I am working on it. 10 months after the move. But what I realized this week was I was trying so hard to recreate old town community here. Old town community seemed so perfect from this view. I totally forgot it was messy too. I have neglected some connections in new town simply hecause they were not perfect fit for me…sigh…maybe God meant us to be good messy fit for them. Thank you for the perspective shift!!

  • Lisa

    The temptation, always, is to surround ourselves with people who”get” us, whom we are comfortable with – who, as you say, serve US in some way. Being an introvert, this is my default position. I am so thankful for my husband, whose extravagant love for others has pushed me into some uncomfortable places with the marginal people that are drawn to the light shining in the Church but too often, find themselves on the outside looking in. Over and over I have been forced me to examine what it means to “love” someone. And my life has been far, far richer for it.
    Thank you, Kristen! Good food for thought!

  • http://hamershappenings.blogspot.com Lisa

    Community is a wonderful way to hold us accountable. As loving friends and family, we are looking after each other.

  • http://www.OurStoriesGodsGlory.blogspot.com Elise Daly Parker

    So true…community can be messy, hard. But it is always worth it to push through. The bond grows so much deeper.

  • Beth WIlliams

    Community is just a messy group of dysfunctional people trying to figure this thing out together. How very true! We are all just dysfunctional people trying to do our best to be good Christians in this sinful world!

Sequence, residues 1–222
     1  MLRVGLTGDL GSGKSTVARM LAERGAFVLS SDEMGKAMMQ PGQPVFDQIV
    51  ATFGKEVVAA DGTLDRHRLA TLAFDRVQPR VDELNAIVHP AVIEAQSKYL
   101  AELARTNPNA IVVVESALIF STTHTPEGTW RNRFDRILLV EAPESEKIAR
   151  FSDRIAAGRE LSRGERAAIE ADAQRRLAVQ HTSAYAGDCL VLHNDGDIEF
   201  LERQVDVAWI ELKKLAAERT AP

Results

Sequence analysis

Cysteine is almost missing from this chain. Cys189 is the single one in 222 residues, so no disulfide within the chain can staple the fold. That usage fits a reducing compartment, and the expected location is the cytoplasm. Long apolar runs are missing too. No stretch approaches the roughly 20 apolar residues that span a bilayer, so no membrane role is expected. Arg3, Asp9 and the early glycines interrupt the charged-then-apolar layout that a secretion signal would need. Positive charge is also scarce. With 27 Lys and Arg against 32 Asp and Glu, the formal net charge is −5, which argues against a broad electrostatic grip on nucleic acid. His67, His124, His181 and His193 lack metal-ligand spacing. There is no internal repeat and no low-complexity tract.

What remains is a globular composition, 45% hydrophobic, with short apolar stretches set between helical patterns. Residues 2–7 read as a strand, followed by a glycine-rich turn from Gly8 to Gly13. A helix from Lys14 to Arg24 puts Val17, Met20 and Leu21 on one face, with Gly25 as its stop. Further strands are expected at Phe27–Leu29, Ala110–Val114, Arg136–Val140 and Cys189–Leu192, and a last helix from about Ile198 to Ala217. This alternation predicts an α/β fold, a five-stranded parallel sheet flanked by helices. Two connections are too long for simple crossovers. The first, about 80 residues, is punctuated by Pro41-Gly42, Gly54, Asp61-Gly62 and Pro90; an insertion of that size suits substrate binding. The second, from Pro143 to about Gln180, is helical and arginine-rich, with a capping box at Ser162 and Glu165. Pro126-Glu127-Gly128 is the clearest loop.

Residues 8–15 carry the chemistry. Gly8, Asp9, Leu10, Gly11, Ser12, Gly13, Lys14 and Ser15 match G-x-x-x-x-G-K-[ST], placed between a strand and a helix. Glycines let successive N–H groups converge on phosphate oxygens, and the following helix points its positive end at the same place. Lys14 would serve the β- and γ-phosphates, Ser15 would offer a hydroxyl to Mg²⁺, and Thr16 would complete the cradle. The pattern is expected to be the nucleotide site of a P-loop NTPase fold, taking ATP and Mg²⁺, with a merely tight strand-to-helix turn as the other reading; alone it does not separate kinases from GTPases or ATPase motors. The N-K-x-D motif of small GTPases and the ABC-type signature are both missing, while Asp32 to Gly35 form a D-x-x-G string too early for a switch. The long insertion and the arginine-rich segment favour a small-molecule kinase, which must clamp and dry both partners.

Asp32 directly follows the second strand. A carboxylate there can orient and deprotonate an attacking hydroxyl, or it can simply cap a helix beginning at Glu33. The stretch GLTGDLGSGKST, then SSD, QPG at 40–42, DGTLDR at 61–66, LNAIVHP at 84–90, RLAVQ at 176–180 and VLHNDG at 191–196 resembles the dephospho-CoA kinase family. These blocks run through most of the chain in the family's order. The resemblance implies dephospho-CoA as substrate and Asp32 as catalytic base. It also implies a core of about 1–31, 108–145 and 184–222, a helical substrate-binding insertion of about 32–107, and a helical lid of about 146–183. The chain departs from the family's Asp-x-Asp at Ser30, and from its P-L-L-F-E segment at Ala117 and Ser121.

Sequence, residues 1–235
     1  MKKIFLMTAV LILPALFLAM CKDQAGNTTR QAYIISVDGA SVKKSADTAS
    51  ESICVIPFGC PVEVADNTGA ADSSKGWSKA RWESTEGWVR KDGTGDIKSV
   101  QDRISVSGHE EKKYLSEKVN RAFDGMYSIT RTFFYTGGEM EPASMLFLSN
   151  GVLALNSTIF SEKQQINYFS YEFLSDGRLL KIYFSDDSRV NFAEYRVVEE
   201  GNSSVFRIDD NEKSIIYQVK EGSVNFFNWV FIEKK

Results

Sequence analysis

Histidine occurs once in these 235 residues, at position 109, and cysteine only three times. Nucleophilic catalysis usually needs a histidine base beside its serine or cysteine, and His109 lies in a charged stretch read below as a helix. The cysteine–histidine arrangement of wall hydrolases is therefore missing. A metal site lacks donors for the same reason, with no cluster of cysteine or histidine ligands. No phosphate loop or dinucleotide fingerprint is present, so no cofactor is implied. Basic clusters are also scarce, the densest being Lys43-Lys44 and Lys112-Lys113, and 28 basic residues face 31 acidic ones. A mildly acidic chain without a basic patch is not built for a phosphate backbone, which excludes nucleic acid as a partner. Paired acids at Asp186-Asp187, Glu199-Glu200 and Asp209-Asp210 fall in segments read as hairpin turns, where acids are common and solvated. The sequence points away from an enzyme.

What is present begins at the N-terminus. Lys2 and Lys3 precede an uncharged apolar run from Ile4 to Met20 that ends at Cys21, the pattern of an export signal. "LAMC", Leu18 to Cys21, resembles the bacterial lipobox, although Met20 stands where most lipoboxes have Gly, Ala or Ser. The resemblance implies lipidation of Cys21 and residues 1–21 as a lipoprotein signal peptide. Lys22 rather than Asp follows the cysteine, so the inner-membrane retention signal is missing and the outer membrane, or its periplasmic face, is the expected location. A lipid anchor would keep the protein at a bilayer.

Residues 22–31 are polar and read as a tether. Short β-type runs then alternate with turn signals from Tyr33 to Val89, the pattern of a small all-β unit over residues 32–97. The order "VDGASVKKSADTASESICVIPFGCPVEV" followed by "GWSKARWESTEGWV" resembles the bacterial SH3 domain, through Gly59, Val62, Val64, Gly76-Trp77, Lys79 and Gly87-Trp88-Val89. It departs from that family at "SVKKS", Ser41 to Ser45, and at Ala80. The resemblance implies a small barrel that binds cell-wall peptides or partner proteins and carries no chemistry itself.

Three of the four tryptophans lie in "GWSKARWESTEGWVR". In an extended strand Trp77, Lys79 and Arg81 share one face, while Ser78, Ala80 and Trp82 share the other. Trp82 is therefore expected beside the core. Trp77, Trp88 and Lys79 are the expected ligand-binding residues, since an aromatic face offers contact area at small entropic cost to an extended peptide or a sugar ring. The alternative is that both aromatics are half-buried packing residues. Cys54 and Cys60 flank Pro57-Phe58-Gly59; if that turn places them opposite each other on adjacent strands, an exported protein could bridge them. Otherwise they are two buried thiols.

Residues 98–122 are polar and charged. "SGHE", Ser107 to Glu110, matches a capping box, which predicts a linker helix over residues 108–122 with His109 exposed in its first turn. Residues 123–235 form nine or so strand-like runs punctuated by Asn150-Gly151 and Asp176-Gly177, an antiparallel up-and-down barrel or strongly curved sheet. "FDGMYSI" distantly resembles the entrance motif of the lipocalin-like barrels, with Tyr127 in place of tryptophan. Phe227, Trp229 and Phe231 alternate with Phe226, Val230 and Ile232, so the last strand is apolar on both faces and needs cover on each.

I do community with women’s Bible study at church. I get to know each one on a deep, personal level and pray for them all! I find it worthwhile to have good friends to talk to about life!

  • Barb Kennedy

    thank you for sharing you are a God sent. I have many hang ups and have been always on the side that thinks its about what I can get from it. I am the one in the Bible that can easily take the speck out of someones life but I can’t see the beam in mine.. I have been praying for change in my life to grow not be easily hurt. Stop holding unto faults of others. Thanks for enlighting how I can really have a new outlook on people

  • http://www.writemomentswithgod.blogspot.com Rose Chandler Johnson

    Kristen, this is so relevant, real, essential. We can’t “forsake the assembling of ourselves together” even if there will be sticky crumbs to navigate. Blessings to you and yours as you practice your faith and remind us to do the same.

  • http://www.godly-wifey.blogspot.com regina cozad

    Love this post!!! Community is very important.

  • Anonymous

    I agree with Regina above: Participation in a community is important. It holds me accountable, I have opportunity to practice my faith, and I can grow and be encouraged by the ministry of others. Someone has said that our brothers and sisters in Christ are “Jesus with skin on!” That’s what community is: the ministry of Jesus lived out with each other and for each other. Thank you for the encouragement to participate, Kristen, even when it gets a bit messy!

  • Eileen

    I enjoyed your article. Just want to tell you that the phrase you use in your opening sentence should be “haphazard”.